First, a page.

Drudge has linked to an article from a Central Florida TV station that’s interesting and worrisome.
Hotel Mogul Threatens Lawsuit Over Hurricane Expert’s Gloomy Forecasts
Rosen: Fla. Lost Billions Of Dollars Because Of Incorrect Storm Outlook
I’m a non-believer in seasonal forecasts because I think, by and large, they’re awful – aka, inaccurate. By the way, the same goes for all the Global Warming hype.
Here’s what I wrote to a viewer earlier tdoay:
Viewer: I’m just wondering what the outlook is for the 2007-08 winter season. A lot of snow, not much but colder. I heard we arent’ going to get much snow. Please advise. Thanks.
Geoff: I don’t believe in them. We don’t currently have the skill. Most long range forecasts end in embarrassment for the forecaster.
Should there be a monetary downside to a bad prediction? Neither Gray nor anyone other forecaster claims divine insight and 100% accuracy. He used the best techniques known to science.
More importantly, I don’t think anyone expects 100% accuracy.
I tend to think Harris Rosen’s rhetoric is bluster and no more… but who knows? Maybe he does have a case. I’m sure there’s a lawyer willing to help him.
But why go after Dr. Gray? There are other seasonal hurricane forecasts from forecasters with deeper pockets. AccuWeather comes to mind, though there are probably others.
I’ve got a dollar that says the attorney won’t forecast the outcome nor guarantee it.
Continue reading “Are Forecasters Liable?”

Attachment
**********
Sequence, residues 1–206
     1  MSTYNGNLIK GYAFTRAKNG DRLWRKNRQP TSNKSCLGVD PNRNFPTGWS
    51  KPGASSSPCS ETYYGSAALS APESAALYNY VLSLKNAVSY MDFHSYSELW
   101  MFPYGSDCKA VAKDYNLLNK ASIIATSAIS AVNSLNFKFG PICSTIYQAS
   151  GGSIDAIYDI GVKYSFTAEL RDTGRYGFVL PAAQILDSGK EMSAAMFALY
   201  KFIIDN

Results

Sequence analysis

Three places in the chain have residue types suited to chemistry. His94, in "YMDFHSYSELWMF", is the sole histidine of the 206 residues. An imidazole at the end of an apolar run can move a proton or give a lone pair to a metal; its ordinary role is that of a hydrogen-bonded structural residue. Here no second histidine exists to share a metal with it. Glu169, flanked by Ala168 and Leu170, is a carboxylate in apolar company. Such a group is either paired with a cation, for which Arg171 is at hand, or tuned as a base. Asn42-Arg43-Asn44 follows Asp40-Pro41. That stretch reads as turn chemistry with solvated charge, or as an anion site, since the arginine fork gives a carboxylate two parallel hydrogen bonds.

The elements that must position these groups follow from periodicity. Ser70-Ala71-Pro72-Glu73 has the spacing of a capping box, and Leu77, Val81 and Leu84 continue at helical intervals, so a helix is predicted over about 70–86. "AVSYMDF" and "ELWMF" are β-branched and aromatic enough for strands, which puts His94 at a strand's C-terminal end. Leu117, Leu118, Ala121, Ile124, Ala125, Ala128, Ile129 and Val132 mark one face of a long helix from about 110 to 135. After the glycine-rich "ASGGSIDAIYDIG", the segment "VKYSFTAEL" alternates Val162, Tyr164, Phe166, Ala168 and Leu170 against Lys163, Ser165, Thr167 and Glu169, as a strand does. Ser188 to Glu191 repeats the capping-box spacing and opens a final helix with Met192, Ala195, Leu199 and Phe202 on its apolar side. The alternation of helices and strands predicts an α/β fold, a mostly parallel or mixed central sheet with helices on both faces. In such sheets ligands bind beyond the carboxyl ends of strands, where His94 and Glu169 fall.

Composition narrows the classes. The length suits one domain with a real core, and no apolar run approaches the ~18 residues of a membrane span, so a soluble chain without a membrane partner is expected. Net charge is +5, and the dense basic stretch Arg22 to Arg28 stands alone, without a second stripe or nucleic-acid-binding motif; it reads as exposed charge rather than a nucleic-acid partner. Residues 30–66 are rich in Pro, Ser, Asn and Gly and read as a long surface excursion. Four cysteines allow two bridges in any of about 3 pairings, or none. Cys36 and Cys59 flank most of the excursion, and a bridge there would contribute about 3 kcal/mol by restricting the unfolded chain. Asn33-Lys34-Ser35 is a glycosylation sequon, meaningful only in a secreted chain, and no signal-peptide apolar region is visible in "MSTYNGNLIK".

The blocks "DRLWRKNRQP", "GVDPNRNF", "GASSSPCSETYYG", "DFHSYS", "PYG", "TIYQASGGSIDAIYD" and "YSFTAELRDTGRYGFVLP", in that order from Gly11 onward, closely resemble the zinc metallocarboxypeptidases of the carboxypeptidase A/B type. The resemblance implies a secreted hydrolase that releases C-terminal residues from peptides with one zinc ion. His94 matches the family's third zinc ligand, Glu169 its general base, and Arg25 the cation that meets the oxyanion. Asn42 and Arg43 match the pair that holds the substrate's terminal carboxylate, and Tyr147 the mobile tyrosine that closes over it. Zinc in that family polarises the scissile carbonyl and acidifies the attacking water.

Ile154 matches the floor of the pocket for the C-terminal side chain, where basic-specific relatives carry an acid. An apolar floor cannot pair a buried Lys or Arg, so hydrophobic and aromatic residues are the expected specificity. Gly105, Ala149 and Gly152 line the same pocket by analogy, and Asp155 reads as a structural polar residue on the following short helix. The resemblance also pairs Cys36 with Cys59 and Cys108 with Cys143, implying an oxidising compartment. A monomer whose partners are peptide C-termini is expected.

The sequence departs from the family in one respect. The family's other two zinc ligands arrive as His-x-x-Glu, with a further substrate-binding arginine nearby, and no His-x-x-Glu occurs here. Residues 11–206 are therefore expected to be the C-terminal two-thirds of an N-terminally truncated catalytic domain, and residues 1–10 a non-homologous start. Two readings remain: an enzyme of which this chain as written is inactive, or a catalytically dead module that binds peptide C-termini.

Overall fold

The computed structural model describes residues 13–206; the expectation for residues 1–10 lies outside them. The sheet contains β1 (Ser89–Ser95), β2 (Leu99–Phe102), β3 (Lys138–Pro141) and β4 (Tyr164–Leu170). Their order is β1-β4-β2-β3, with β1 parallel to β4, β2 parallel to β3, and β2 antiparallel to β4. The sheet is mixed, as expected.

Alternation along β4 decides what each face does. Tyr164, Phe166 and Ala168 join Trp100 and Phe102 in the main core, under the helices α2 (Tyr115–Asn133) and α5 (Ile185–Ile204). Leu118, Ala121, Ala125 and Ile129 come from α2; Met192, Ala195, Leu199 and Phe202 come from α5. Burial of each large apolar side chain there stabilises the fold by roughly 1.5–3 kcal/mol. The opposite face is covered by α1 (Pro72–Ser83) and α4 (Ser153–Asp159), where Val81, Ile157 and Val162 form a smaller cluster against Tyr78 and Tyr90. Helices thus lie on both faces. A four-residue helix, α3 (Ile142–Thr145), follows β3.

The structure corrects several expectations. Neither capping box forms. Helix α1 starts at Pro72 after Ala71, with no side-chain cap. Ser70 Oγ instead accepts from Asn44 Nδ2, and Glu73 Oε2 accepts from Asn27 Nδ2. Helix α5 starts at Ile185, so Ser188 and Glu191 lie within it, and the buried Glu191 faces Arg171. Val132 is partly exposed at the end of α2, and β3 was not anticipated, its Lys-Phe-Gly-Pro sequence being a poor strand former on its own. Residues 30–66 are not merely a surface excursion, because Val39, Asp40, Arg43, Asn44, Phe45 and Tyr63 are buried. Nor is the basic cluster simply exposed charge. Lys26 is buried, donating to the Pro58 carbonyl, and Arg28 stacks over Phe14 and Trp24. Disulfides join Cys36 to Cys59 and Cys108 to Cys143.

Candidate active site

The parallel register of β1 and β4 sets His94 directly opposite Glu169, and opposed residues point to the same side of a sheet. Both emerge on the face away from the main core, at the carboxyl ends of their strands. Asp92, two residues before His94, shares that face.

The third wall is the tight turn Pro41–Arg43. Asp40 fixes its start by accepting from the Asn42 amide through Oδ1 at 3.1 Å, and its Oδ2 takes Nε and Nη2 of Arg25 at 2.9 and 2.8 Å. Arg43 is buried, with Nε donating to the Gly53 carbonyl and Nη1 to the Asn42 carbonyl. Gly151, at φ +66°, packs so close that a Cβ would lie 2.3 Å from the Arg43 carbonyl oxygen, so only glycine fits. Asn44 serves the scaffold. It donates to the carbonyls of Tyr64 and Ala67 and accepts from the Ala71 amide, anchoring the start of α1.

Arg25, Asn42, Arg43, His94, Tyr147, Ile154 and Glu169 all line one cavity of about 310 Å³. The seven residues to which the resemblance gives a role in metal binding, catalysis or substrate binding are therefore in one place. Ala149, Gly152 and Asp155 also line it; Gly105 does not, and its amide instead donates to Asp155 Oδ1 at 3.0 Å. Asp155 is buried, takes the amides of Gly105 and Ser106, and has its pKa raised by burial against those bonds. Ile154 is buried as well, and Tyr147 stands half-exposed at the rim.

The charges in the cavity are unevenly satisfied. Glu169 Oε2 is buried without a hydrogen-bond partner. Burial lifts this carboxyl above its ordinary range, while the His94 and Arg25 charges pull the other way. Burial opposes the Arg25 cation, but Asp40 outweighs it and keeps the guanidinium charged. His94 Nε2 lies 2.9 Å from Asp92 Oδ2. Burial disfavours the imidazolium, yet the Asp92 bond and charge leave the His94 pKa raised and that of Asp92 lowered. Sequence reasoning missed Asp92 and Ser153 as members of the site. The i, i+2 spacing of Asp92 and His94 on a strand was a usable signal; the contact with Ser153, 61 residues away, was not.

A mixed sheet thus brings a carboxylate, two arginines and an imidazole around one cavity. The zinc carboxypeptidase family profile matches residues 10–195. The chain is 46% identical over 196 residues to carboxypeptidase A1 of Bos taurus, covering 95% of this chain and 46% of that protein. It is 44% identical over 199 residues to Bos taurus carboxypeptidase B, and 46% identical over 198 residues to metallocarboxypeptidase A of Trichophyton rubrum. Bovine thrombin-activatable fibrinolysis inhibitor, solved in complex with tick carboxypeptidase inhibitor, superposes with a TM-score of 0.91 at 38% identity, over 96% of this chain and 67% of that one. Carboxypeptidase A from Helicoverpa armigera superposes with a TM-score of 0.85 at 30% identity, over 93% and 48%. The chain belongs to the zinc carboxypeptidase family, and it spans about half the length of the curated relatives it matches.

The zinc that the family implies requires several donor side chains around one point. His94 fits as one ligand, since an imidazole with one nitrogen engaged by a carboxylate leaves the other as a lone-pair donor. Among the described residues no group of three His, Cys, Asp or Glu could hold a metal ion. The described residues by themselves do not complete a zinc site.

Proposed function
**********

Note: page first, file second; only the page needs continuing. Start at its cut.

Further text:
Let me preface this by saying, on a day like today, global warming would be very welcome! OK – maybe that’s an overstatement, but we will see overnight temperatures in the single digits. That’s too cold for me.
On to the real reason for this.
I was surprised to see an interview with Dr. William Gray in the September issue of Discover Magazine¹. Dr. Gray is the leading authority on the seasonal prediction of hurricanes (different than the operational forecasting of individual storms).
I’ve read his statements – how he doesn’t feel there’s a connection between this year’s Atlantic Hurricane Season and global warming. He makes total sense, especially when you realize the increase we see here on the East Coast hasn’t been seen in the world’s other hurricane zones.
I was surprised, though pleased, to see he’s also skeptical about global warming in general.
His quote in a second. When I say “global warming” here in the blog, I am normally talking about the theory which connects our increasingly industrial society to a rise in the Earth’s ambient temperature. If you’ve read me for any length of time, you know I am also skeptical.
I know how tough it is to forecast a few days in the future, much less decades. This is especially true when you don’t or can’t have access to every possible parameter in a seriously complex series of equations.
A mistake early on will corrupt whatever results you see.
On to Gray in Discover: